Sometimes it takes a special kind of guy to get the job done and when the job is to keep imprinted genes differentially methylated, that guy is DNMT1. An international group of researchers led by Jacquetta Trasler in Canada set out to exploit this fact in order to identify yet unknown imprinted genomic sequences.
Several studies have shown that re-expression of Dnmt1 in ES cells lacking the enzyme led to recovery of DNA methylation levels at non-imprinted loci but not at the germ-line differentially methylated domains (gDMDs) of imprinted genes. Encouraged by these findings McGraw et al. used a mouse ES cell line harbouring a tetracycline-controllable Dnmt1 locus (Dnmttet/tet) to identify novel gDMD-like sequences that escape DNA methylation recovery after transient depletion of Dnmt1.
Here is what they found:
- DNA methylation at non-imprinted sequences such as repetitive elements recovered after transient Dnmt1 depletion.
- Transient Dnmt1 depletion lead to a permanent loss of DNA methylation at known imprinted gene gDMDs.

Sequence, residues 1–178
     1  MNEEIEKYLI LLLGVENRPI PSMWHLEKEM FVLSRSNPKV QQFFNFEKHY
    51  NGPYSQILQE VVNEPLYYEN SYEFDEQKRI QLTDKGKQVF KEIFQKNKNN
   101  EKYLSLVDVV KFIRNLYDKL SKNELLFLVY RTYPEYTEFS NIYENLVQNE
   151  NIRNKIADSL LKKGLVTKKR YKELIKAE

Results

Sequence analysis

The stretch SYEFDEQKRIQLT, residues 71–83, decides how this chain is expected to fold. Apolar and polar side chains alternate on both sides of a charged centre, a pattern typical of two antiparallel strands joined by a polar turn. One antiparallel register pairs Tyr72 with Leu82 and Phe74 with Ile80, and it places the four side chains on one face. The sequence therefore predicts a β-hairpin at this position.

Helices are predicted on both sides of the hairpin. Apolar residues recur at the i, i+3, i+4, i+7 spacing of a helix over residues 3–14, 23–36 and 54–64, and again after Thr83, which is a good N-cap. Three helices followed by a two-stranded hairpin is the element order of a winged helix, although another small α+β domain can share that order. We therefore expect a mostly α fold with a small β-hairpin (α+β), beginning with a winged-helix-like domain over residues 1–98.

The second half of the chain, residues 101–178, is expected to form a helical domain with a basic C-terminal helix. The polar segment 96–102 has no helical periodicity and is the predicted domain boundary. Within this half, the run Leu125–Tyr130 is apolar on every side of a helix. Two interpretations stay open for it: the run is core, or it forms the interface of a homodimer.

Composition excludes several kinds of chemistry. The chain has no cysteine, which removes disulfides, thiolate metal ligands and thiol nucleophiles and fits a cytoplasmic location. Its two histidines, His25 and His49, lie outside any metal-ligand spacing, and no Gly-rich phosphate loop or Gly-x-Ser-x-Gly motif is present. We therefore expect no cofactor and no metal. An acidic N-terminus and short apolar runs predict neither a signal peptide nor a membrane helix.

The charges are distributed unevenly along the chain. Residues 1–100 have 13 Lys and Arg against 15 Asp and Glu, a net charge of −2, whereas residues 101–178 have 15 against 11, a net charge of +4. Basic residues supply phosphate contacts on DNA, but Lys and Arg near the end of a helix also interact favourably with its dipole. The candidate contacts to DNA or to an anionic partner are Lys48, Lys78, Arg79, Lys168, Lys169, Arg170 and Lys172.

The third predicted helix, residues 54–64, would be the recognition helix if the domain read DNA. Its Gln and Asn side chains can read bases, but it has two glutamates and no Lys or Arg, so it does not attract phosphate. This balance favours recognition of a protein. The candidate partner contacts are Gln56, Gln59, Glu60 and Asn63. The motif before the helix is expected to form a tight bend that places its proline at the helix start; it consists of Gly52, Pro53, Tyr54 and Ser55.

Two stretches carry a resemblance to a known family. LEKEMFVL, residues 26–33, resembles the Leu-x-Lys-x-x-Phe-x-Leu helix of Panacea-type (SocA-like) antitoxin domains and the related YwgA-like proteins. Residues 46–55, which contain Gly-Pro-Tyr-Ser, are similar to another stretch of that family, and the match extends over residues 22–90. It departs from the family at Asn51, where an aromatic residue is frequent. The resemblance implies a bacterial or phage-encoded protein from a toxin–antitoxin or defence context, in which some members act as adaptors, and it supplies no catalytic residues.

- Restriction landmark genome scanning (RLGS) revealed the existence of gDMDs outside of imprinted loci (non-imprinted DMDs).
- Reduced representation bisulfite sequencing (RRBS) further showed that non-imprinted DMDs are enriched at intergenic regions and overlapped with or were found in close proximity to LINE elements.
- Non-imprinted DMDs that mapped to genic regions related to disorders such as cancer and autistic disorder.
The researchers then confirm their results using a mouse model in which absence of the oocyte-specific DNMT1o isoform causes a transient loss of DNMT1 activity in the 8-cell stage embryo. From this they conclude that non-imprinted gDMDs might represent novel developmental marks with imprinted-like behaviors, which require stage specific de novo methylation and continued and uninterrupted DNMT1 activity in order to be accurately inherited.